Tuesday, November 05, 2013

Weight Loss surgery stories or -- ads?

The latest news on Weight Loss surgery reminds us that the media openly admits they don't feel obligated to tell the truth. And often when they report on weight loss surgery, they do sneaky ads.  Weight loss surgery of any kind doesn't really help patients to keep off the weight.  After they have invasive surgery to lose weight, they are told that if they don't diet and exercise, they will not keep off the weight.  But diet and exercise will keep off weight whether someone has had surgery or not.  Medical providers do not give the public "informed consent" for medical procedures.  "If we did tell the public about repercussions," a medical provider friend told me, "they wouldn't have any procedures done!"  As if this is a valid reason for not warning folks what might happen and especially after elective procedures like weight loss surgery.

 Lately in the media, we find a questionable study and a story which emphasizes how a couple keeps off weight - one of them who had a gastric bypass and the other who did it without surgery.

The study looked at se/x after weight loss surgery and declared that it's better after weight loss surgery.  Anyone who knows a significant number of weight loss surgery patients like I do, will ask, "how can this be when erectile dysfunction is very common and especially after gastric bypass?"  Easy answer - the researchers studied women - no men!  The women studied were a couple of years post op - and it was a study in which the cohort were surveyed 1 and 2 years after surgery and reported more reproductive hormones and better se/x!

First of all, the study was financed by Ethicon Endo which makes instruments for weight loss surgery - can we say "conflict of interests"?  Secondly no men were studied - had they looked at men, they would have found a different story, especially longer term like over 3 years.  The news story sounds like weight loss surgery is a great deal, but the truth is more sobering - since men were not studied, the fact that many men get ED after weight loss surgery stays unreported (unless you read the long term weight loss surgery communities).  It should be noted that many patients who regain after weight loss surgeries are encouraged to not attend support meetings and not tell those around them that they have had weight loss surgery. Meanwhile many surgeons parade the slim 2 year post ops at support meetings, giving the impression that "everyone" keeps the weight off.  One longer term post op who cannot eat more than 1200 calories a day without gaining, also came down with epilepsy after a gastric bypass and found 150 more patients with the same repercussion - this patient is considering having brain surgery rather than having the gastric bypass reversed, despite the fact that the seizures are likely from vitamin deficiencies which would be fixed with a reversal.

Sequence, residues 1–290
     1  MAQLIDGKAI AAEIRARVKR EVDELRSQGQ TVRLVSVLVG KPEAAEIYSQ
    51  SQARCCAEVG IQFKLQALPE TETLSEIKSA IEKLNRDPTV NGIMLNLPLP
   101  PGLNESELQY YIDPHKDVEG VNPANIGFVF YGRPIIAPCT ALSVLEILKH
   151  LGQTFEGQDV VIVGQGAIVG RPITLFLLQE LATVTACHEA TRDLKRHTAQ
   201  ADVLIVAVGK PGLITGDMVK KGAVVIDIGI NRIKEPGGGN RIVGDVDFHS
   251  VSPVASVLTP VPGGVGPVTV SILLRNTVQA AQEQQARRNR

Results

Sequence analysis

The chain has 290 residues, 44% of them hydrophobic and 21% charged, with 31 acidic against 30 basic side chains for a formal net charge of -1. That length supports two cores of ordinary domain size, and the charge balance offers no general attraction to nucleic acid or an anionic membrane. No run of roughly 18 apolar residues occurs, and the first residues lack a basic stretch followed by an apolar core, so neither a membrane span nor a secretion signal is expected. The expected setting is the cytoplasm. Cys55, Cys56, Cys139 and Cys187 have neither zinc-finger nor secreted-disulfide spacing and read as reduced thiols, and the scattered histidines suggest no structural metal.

As for the weight loss story, in a story entitled "No Magic Bullet for keeping off the pounds", a couple, both of whom lost a lot of weight, are interviewed.  The man lost weight without surgery and the story emphasizes how he is having a hard time keeping off the weight.  The lady had a gastric bypass and we are told she's kept her weight at 160 lbs for 3 years.  In this story, if the reader looks at the photos, s/he will see that even with a slight weight gain, the man is not only slimmer than the lady but he is in better shape also.  But if the story is read superficially, the take-away message is that people have a much easier time keeping off the weight with weight loss surgery.  

In  other words,  the story hints that weight loss surgery is "the easy way out".  Any weight loss surgery patient will tell you it's definitely not the easy way out and many patients have regained at the 10 years post op point - even with extremely invasive surgeries like gastric bypasses.  This is a reality which may never get to the public if they confine their reading to news media. 

 I am reminded of the patient who called me up, crying, after her gastric bypass.  "They never told me about the side effects," she told me also adding that her surgeon no longer answered her calls.  And for patients who do keep off the weight, how many of them can no longer eat?

Should it really be "buyer beware" when we are talking about surgery after which 2 percent of patients die and 30 percent have serious repercussions including requiring additional surgery?